By Glenn N. Cummings, Ph.D., Director of Health Professions Advising
Winter break is coming . . . a chance to catch up on sleep, beat siblings at games of Wii and grandparents at gin rummy (or vice versa!), reconnect with friends from high school, and hopefully enjoy some home-cooked meals. At my house, I’ll be getting frustrated over tangled strings of holiday lights, getting the inexplicable need to watch football out of my system, and getting excited for Santa’s arrival with my seven-year-old son. My pre-health advisor hat will be hung by the chimney with care, in hopes that I’ll be suitably refreshed by the time I put it back on in 2014.
It did occur to me this morning, however, that the break might also be a good time to do some things you haven’t had time to do during the semester. Pre-health things. No, not more studying, not more time in the lab, not even more volunteering or shadowing—although breaks are a good time to do a little shadowing if you know a healthcare professional that’s willing. What about this coming summer? We’ve sent out some emails about a few special funds for F&M students to do research or pursue other health-related opportunities this summer, and you’ll be receiving one or two more in the next couple of weeks. We’ll also be co-hosting a session on summer research opportunities when you get back in January. But why not dream a little and do some online perusing of academic medical centers, free clinics, hospital HR job or volunteer listings, medical mission trips? Now is the optimal time to form a short “wish list” of experiences you’d like to have this summer. Same holds true if you want to take a course; investigate where, when, what’s available, and how much it might cost.
Another pastime might be to check in with your parents about your pre-health progress and goals. They would love that. I find that many parents of pre-health students have just as many questions about the requirements, preparation, and application process as their children, sometimes more. Why not chat with them about their concerns, and if you need to send me an email with those questions, I can help. The biggest worry parents tend to have is about timing—when you’re going to finish the requirements, when you’re going to apply, when you’re going. Are you and your parents on the same page when it comes to a timeline?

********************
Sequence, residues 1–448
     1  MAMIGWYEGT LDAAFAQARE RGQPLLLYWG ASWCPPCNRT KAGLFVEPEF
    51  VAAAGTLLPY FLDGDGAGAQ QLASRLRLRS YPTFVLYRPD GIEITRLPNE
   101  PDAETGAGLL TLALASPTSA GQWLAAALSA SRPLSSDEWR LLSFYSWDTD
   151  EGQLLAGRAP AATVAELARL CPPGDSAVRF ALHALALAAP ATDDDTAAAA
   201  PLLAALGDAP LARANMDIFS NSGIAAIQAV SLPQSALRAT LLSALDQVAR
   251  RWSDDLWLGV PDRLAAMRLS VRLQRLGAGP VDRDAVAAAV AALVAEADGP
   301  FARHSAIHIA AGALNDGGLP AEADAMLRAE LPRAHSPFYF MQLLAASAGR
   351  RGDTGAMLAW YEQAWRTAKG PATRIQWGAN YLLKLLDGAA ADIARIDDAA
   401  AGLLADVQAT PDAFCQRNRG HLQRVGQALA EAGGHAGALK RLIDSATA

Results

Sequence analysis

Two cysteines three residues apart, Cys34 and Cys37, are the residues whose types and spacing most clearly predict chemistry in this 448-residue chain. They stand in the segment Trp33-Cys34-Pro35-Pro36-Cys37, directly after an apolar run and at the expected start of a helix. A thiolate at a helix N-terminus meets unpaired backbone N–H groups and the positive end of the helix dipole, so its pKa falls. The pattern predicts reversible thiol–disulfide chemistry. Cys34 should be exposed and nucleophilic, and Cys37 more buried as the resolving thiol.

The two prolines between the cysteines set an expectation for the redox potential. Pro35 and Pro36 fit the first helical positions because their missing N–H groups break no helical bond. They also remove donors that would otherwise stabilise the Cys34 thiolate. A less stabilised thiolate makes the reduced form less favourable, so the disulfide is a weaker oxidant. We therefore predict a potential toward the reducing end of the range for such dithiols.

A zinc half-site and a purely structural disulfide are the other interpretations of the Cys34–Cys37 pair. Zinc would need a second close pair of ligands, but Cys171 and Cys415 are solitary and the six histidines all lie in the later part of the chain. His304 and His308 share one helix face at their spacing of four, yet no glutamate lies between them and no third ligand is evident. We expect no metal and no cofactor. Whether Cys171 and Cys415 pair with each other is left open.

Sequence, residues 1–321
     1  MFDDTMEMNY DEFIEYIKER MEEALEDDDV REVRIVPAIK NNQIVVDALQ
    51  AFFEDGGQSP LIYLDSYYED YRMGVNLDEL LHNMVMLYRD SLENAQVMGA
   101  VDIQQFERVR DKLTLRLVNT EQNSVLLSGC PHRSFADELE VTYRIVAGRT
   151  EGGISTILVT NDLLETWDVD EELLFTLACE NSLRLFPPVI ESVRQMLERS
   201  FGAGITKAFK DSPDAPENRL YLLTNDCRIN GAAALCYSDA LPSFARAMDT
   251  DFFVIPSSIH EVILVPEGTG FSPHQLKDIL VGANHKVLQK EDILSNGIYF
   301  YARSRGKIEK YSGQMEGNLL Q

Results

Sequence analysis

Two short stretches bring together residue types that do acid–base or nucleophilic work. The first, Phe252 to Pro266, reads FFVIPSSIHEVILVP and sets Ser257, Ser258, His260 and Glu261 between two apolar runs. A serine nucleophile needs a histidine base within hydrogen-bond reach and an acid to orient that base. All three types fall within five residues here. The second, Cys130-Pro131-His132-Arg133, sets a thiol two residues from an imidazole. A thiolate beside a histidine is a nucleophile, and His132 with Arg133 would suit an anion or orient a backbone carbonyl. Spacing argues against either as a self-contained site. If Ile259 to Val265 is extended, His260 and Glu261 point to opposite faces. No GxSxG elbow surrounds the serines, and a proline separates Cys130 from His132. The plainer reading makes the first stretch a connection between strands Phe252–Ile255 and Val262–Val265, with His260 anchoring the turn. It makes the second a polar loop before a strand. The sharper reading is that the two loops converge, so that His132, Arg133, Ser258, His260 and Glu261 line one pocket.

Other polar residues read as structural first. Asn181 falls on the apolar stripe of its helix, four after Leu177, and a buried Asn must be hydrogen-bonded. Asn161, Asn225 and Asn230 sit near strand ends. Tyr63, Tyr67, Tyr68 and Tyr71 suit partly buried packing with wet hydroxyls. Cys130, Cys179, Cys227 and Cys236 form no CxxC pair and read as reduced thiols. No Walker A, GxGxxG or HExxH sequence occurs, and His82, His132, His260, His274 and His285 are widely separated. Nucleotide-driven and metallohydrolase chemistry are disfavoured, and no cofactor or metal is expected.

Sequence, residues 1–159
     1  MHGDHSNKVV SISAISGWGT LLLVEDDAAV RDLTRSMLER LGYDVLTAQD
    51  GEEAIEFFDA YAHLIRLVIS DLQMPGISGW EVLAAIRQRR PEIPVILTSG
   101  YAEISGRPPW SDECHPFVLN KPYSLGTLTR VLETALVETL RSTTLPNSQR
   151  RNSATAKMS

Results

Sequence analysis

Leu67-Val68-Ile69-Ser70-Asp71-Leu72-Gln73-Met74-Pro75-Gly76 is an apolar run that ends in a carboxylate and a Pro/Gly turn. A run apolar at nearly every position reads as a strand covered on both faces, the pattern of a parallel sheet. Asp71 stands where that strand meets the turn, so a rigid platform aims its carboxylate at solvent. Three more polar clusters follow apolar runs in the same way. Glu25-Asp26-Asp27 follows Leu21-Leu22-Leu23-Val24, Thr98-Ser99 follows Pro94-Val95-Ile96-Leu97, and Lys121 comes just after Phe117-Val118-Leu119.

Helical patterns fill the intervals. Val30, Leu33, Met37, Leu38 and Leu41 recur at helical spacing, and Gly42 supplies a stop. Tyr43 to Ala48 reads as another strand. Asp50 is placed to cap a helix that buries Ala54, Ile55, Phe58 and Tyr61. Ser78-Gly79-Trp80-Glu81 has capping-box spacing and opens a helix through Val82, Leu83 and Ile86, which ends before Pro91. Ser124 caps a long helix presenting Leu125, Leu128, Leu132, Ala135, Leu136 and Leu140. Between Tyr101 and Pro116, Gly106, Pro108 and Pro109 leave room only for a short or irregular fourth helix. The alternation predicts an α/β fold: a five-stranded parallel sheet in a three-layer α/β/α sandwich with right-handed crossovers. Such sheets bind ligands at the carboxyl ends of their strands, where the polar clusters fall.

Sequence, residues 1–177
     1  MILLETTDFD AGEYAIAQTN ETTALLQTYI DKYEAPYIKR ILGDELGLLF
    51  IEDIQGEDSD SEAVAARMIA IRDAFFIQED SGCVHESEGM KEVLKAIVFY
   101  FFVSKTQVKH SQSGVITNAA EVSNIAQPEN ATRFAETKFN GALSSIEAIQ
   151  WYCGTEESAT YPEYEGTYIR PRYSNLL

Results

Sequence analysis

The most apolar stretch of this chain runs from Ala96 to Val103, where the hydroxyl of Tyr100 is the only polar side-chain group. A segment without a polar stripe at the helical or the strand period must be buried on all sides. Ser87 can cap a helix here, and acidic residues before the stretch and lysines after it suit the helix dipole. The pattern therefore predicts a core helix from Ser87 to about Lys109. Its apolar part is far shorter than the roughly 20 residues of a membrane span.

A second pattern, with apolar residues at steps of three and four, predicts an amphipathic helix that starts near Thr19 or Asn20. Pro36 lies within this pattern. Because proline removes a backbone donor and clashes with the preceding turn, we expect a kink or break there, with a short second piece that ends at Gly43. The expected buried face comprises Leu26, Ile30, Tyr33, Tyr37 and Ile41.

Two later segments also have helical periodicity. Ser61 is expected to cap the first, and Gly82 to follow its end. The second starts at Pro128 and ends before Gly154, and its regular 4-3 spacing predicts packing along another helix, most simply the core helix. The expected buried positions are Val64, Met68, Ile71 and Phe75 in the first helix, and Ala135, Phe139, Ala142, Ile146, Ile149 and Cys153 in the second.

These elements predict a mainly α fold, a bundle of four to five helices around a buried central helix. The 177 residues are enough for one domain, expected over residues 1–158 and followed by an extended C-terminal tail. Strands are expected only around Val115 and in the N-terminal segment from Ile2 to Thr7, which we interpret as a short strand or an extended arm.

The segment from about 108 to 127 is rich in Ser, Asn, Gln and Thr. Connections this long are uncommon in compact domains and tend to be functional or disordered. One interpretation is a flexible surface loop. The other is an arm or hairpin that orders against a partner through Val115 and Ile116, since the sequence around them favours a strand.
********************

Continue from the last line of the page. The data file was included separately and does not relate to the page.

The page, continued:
Finally, fire up the laptop or open that journal and spend some time reflecting on your pre-health experiences, writing down your impressions of the clinic or hospital where you’ve volunteered, the patients you’ve encountered, the healthcare team you’ve seen in action, the moments where you felt you helped a kid you tutored or even a time volunteering when you felt you didn’t help at all. Write about your experiences outside the classroom, especially the health-related ones. Eventually you’re going to need to produce an essay called the “personal statement” for your applications to med, dental, vet, PT, pharm, PA, etc school. Having some material to draw from when that day comes will be invaluable to you. Even the freshmen out there might draft a personal statement, returning to it many times in the years to come. It can be for your eyes only. It can be messy. For now. Believe me, writing the more polished version will be much easier if you’ve recorded along the way some of your experiences and your reasons for finding healthcare attractive.
The primary goal for winter break should be rest. Semi-hibernation. Don’t hibernate completely, since I’m sure your friends and family would appreciate the pleasure of your company at the dinner table (be prepared for, “oh, that’s what you look like,” from a sarcastic relative as he/she passes the mashed potatoes). But please make getting some rest a priority. Spend some time a’snooze in your bed, dreaming sweet dreams without care. At the last few info sessions I did this semester, the faces staring back at me were downright zombie-esque. I look forward to a New Year, and to your renewed vigor.